Blog 22 – Seriously, meditation?

Blog 22 – Seriously, meditation? How is that going to get me on the GAINZ Train!? 

Well folks, I’m glad you asked. It should come as no surprise to any of you that I am quite the daydreamer. It’s probably one of the things I’m better at, actually. I like my space and my thoughts, and need that time throughout the day to feel more productive and focused on more task-oriented things. If I don’t get this time, I feel overly rushed, unproductive, and in a general state of anxiousness. This isn’t a “Dylan” thing, we all have some habit that creates space for ourselves whether we know it or not. Meditation is just the idea of intentionally creating time for yourself; setting aside the tasks at hand or external demand; and creating a space for your brain to critically think. 

In the book Creative Confidence (I don’t actually read as much as you’d think. I am just drawn to very particular topics.) by Tom and David Kelley, the founders of the company IDEO and Stanford’s d.School, the term “relaxed attention” is used in reference to creating an atmosphere where people are not so task oriented to solve problems with user-first design, and go so far as to quote research that suggests “our minds make unlikely connections between ideas, memories, and experiences when we are at rest and not focused on a specific task or project.” They go on to suggest that in order to solve the world’s hardest problems, you have to create time away from the problem. Now, I don’t know for sure, but I’m willing to bet that we’ve all experienced some sort of “AH, HA!” moment about something when we least expect it. In the middle of the night, making dinner, in the shower, on the thing next to the shower, etc. This to me is a farce of the 40-hour work week and the “busy vs productive” argument, if we are more likely to think of creative solutions to work problems away from work than at work. But that’s for another time, in another blog. 

So how in the world does all of this come back to GAINZ!? That is why we’re all here. Actually that’s the simple part. We come together for about an hour at a time, go through a warm-up, do some skill or strength work, do a little conditioning, and hopefully get a cool down in. I’m going to focus on a strength segment here with the hope that you can expand it to fit the entire work out. When we do strength work, something like a 5×5 (or some wild rep scheme that Nigel programs for 3 months that seemingly never gives our legs a break), the goal is always to work as heavy as possible for the day – Yes, this is me saying that it is ok to not work at 85% plus of a 1RM and instead work at 85% of what you have that day. Did you work day suck? Did you hike Forest Park or bomb Mt. Hood the day before? Did your kids wake you up every hour on the hour (a little parental EHOH)? All of those things need to be accounted for in your level of effort for the day. – In order to work as heavy as possible over the course of given sets, we need to maximize our rest periods (Do you see where this is going yet?). As the weight gets heavier the longer we need to be resting. This INCLUDES our warm up sets. At least 2:00 from the time rack the bar to the time we touch it again (some will need more rest). If we don’t rest the needed amount, we go into the next set with depleted energy, which compounds in each subsequent set resulting in less weight and less overall intention and ultimately less GAINZ.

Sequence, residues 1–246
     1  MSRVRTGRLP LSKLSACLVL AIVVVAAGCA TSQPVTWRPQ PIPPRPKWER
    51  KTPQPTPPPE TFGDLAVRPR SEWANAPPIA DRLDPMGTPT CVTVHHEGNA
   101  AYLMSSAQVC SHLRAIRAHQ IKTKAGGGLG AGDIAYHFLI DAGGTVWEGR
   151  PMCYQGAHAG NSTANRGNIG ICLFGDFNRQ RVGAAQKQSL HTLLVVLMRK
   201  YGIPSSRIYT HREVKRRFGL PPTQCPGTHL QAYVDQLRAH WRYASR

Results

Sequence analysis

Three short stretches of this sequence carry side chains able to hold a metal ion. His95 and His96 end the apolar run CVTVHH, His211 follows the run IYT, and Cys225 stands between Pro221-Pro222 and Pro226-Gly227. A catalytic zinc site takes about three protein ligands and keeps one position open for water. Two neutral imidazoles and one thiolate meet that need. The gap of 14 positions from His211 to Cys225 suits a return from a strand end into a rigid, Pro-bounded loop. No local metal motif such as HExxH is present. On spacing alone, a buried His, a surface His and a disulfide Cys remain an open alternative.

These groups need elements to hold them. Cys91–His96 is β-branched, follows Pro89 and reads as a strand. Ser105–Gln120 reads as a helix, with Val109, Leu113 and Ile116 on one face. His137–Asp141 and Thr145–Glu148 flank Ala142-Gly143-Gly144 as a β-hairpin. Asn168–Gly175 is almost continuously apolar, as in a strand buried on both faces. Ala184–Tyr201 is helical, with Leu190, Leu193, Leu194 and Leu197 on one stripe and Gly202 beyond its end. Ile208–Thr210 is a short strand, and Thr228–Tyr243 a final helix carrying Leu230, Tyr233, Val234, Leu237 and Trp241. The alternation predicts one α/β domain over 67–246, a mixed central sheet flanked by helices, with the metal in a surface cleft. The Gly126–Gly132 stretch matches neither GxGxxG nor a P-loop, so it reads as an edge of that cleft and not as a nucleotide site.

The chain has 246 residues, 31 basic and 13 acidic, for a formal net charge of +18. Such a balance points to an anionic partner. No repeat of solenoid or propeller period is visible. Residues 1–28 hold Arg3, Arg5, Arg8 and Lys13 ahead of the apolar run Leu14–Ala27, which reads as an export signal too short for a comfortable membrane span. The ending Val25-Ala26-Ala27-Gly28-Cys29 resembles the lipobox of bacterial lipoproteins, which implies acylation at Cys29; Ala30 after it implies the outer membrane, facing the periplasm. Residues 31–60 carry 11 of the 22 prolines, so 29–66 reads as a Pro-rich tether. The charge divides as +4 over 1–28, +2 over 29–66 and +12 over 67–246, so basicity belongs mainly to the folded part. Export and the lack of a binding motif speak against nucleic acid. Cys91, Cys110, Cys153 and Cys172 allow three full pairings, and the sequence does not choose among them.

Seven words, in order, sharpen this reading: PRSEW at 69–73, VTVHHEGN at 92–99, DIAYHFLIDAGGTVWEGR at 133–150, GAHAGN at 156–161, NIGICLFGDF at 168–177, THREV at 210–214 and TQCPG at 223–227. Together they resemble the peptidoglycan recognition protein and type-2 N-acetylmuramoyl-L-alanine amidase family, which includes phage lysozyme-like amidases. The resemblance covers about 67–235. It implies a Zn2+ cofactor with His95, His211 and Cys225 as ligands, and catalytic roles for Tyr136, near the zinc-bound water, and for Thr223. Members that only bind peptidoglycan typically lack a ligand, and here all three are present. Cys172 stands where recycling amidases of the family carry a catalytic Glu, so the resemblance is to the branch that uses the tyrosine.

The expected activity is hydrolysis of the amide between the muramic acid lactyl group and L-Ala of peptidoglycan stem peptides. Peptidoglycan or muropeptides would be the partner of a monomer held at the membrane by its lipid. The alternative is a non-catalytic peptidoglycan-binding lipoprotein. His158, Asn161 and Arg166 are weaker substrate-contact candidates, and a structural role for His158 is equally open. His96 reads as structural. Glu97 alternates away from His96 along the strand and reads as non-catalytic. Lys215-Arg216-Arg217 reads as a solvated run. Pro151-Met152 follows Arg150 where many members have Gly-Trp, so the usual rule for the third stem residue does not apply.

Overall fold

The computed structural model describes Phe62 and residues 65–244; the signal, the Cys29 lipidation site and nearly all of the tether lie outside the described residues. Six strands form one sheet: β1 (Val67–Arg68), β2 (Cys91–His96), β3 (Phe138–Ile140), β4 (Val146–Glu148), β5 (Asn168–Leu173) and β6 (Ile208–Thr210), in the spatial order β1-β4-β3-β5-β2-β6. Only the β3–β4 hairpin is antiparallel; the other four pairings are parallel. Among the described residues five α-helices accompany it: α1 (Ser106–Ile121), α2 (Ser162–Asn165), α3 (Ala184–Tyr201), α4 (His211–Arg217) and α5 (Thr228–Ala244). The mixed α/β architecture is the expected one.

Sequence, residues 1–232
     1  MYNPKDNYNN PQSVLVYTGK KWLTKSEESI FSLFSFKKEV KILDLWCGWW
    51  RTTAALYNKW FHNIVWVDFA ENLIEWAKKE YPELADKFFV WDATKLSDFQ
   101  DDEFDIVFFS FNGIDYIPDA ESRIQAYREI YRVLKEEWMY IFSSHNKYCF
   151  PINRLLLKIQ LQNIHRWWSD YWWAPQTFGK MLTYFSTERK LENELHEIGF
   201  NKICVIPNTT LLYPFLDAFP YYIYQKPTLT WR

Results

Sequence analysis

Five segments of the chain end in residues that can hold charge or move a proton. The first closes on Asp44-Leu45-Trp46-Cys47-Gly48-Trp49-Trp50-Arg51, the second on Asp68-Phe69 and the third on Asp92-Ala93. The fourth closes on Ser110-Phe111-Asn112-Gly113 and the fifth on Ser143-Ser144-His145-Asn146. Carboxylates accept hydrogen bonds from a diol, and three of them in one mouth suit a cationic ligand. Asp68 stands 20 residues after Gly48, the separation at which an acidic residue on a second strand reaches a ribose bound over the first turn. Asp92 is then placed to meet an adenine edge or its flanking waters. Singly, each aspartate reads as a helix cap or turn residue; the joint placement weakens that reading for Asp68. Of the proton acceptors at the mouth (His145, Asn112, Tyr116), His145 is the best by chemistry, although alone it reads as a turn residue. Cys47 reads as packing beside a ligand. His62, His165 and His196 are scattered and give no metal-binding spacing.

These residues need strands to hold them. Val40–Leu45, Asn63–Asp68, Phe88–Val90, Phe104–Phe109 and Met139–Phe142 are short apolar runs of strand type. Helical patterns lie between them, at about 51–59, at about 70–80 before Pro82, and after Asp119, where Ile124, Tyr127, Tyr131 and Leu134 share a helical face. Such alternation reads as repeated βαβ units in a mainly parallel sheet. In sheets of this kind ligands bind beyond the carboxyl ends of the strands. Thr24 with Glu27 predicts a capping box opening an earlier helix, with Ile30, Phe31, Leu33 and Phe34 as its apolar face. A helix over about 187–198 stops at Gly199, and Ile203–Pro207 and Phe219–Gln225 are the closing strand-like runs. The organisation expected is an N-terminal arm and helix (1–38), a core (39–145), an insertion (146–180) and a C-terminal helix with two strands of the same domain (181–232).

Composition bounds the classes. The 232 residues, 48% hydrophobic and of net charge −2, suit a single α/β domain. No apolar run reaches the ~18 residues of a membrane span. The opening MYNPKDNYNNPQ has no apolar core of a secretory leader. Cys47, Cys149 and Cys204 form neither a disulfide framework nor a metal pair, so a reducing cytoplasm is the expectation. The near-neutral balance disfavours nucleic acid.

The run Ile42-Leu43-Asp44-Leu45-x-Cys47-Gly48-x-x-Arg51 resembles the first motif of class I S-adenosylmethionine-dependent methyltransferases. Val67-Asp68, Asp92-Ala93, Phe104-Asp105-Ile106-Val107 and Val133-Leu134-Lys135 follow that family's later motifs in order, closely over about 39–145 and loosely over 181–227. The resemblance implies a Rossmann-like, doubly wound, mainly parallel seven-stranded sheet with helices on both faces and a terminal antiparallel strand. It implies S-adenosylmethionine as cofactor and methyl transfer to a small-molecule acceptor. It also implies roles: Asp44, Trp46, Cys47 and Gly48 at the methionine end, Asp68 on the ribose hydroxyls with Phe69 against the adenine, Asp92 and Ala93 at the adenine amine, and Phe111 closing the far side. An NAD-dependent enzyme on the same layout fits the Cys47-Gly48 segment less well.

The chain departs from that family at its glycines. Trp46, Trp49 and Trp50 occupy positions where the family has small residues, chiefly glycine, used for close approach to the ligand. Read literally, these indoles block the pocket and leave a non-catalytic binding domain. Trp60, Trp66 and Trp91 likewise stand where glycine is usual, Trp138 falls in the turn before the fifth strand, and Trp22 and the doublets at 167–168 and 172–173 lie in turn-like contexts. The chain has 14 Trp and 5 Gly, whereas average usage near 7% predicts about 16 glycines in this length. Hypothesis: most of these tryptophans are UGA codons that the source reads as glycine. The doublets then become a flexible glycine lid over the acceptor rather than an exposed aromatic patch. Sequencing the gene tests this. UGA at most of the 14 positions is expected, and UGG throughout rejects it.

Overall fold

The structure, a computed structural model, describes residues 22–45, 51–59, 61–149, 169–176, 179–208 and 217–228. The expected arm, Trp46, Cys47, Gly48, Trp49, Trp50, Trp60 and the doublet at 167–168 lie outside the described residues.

This probably isn’t that new of a concept to you, but what happens more often than not is that we feel a need/rush to get back to the bar. This forces us to take less rest than we need (Look, you can tell me all you want how much you rested in between sets, but I start a clock for a reason. A 5×5 strength session should take everyone almost the exact same amount of time.) or trying to fill time by “hitting some abs” between sets (This is also fine, but our need for rest actually INCREASES in this scenario). 

This is all to say that we can all get a little too task-focused in the gym. If we fill this time with more intention, we can approach our lifts the same way. And how do we get better at existing in our space with intention? “Buehler? Buehler?”… 

Not only will maximizing your rest period make you a better lifter, you’re also creating space for more relaxed attention so you can finally piece together where in the world your wallet went or an event space or your next design layout or the perfect gift to thank a friend. Now THAT’S productivity. 

CHOO CHOO, Strength Tribe! 


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